1. bidders and that there was at least one bid at or above
  1. the starting price.
  1. MR JUSTICE HILDYARD: I can understand that that may feed
  1. into your legal point but the purpose of an auction is
  1. to achieve by competitive bidding a market price.
  1. MR BIRT: Yes.
  1. MR JUSTICE HILDYARD: But an auction where there is no
  1. competition, which for two reasons seems to be the case,
  1. one reason being that they were connected companies in
  1. the same group and the other was that the most the
  1. auction ever achieved was a stuttering to the very next
  1. level above the reserve price, do you say that that is
  1. a fair indication of market price?
  1. MR BIRT: Absolutely. It’s just as much a testing of the
  1. market if other people could come in if they wanted to.
  1. What happens in Russian law, as my Lord may remember,
  1. was if you only have one registered bidder, such that
  1. the auction fails, then the next step on the process is
  1. you run the auction again at a lower price and you keep
  1. reducing the price until somebody becomes interested.
  1. So one infers that, if you’ve only got two people
  1. interested, then at least one of them ‐‐ well, both of
  1. them then is willing to bid the starting price but no
  1. higher. Effectively the auction is still testing the
  1. market but the results it is showing is that there is
  1. nobody else out there who is willing to even go to the
  1. starting price. Maybe if it reduced by 15 per cent, you
  1. might have somebody coming in to say, «Well, I’ll buy it
  1. for a bit cheaper» but that doesn’t cast any aspersion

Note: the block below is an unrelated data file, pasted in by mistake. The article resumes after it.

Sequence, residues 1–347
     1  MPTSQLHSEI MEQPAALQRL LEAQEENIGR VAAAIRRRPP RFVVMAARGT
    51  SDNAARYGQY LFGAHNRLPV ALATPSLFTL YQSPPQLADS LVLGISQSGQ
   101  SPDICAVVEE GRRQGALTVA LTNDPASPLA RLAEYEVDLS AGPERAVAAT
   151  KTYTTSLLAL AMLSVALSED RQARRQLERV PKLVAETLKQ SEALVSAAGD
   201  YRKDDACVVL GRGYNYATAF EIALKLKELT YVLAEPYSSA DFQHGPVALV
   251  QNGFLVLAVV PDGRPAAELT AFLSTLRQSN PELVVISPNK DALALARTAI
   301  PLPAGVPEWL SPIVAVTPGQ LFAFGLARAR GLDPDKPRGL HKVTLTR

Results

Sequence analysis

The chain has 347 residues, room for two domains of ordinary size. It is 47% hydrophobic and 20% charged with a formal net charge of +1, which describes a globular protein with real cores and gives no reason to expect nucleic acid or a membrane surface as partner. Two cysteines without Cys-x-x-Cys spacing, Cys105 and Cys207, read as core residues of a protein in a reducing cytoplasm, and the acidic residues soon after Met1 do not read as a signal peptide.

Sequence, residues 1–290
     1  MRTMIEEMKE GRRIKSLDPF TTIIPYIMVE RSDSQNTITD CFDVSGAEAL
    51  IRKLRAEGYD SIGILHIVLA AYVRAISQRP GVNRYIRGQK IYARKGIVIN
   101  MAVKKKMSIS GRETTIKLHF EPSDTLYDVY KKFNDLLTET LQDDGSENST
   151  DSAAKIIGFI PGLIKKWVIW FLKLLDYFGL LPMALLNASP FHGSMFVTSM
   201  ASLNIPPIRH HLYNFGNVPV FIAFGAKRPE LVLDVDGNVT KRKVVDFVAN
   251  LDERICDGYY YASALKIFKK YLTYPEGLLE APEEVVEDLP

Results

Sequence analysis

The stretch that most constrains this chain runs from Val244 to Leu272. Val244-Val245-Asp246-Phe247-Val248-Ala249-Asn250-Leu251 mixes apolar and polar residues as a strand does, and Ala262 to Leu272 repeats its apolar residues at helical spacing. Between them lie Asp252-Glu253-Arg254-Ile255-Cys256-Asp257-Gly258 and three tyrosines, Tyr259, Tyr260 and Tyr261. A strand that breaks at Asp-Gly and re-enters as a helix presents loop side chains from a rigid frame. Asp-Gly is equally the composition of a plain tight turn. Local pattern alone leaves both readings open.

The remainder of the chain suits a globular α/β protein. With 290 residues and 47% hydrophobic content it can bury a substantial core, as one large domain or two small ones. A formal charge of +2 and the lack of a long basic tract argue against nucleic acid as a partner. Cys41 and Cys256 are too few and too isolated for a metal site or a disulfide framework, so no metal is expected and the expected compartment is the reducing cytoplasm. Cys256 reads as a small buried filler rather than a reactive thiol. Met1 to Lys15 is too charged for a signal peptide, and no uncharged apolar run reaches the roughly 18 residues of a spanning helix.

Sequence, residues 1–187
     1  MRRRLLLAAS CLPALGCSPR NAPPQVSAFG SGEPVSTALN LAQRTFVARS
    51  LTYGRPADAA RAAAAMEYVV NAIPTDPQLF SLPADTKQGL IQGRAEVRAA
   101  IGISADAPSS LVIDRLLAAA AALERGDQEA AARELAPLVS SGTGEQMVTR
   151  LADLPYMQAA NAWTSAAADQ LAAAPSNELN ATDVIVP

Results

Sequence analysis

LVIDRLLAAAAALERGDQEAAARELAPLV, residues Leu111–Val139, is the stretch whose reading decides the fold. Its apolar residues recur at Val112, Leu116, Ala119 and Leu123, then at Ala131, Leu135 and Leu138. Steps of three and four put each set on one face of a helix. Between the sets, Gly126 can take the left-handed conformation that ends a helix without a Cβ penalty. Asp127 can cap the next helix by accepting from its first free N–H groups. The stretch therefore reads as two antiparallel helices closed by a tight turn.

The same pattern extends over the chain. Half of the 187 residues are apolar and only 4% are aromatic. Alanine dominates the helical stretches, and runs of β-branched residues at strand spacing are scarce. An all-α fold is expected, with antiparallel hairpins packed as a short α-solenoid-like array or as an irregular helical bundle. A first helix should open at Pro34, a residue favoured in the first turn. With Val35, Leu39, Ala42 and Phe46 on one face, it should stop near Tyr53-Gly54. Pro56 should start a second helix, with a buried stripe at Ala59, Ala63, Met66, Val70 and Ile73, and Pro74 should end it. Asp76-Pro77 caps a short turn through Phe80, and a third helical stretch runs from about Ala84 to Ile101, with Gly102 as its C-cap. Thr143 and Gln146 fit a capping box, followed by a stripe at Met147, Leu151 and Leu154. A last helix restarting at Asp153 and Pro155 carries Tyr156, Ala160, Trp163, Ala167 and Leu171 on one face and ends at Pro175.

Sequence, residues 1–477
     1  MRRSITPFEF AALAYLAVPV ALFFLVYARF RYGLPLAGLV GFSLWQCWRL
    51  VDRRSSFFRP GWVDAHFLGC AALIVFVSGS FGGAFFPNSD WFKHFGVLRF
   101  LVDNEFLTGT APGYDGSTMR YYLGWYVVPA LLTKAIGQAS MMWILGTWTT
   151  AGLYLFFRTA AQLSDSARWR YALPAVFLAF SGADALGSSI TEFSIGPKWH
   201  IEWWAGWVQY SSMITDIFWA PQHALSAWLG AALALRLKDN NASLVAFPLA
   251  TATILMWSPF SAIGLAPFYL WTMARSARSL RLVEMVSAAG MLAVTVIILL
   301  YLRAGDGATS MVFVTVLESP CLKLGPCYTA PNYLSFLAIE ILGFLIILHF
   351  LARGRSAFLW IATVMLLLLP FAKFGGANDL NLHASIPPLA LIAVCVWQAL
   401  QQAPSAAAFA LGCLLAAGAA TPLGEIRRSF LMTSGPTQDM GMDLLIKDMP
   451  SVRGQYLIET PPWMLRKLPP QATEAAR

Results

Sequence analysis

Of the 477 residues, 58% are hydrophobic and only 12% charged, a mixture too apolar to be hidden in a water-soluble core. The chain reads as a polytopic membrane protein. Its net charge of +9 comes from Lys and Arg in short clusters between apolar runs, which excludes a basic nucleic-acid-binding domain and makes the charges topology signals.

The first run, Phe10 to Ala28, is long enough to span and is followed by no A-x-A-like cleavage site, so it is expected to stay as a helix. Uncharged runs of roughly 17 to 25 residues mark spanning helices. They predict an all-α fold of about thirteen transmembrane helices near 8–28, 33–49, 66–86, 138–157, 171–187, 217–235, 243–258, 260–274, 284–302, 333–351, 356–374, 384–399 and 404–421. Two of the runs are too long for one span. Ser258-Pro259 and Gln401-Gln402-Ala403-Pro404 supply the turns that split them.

1. or doubt on the original process, my Lord.
  1. If my Lord wants the decrease in price reference,
  1. I think we’ve covered that in paragraph 878(2)
  1. {AA3&4/14/467}. So we say that all of these people, the
  1. vast roll call of people, would have to be involved if
  1. this was the dishonest conspiracy that the defendants
  1. say it was, but there’s nothing at all to suggest that
  1. any of these people were ever part of any illicit
  1. arrangement and there’s no reason to doubt that they
  1. acted honestly and in accordance with their duties.
  1. In fact allegations of dishonesty were not made
  1. against most members of the Bank’s staff. Nobody was

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  1. alleged to have sought a dishonest valuation from
  1. a valuer or to have rigged the starting price. Nobody
  1. was alleged to have approached the court bailiffs and
  1. said, «We’re going to have a dodgy auction here».
  1. Nobody was said to have made any arrangements to shut
  1. out bidders or to hide the auction. None of those
  1. allegations have been made and quite rightly because
  1. there would be nothing to support them.
  1. MR JUSTICE HILDYARD: I know I’ve asked you this before but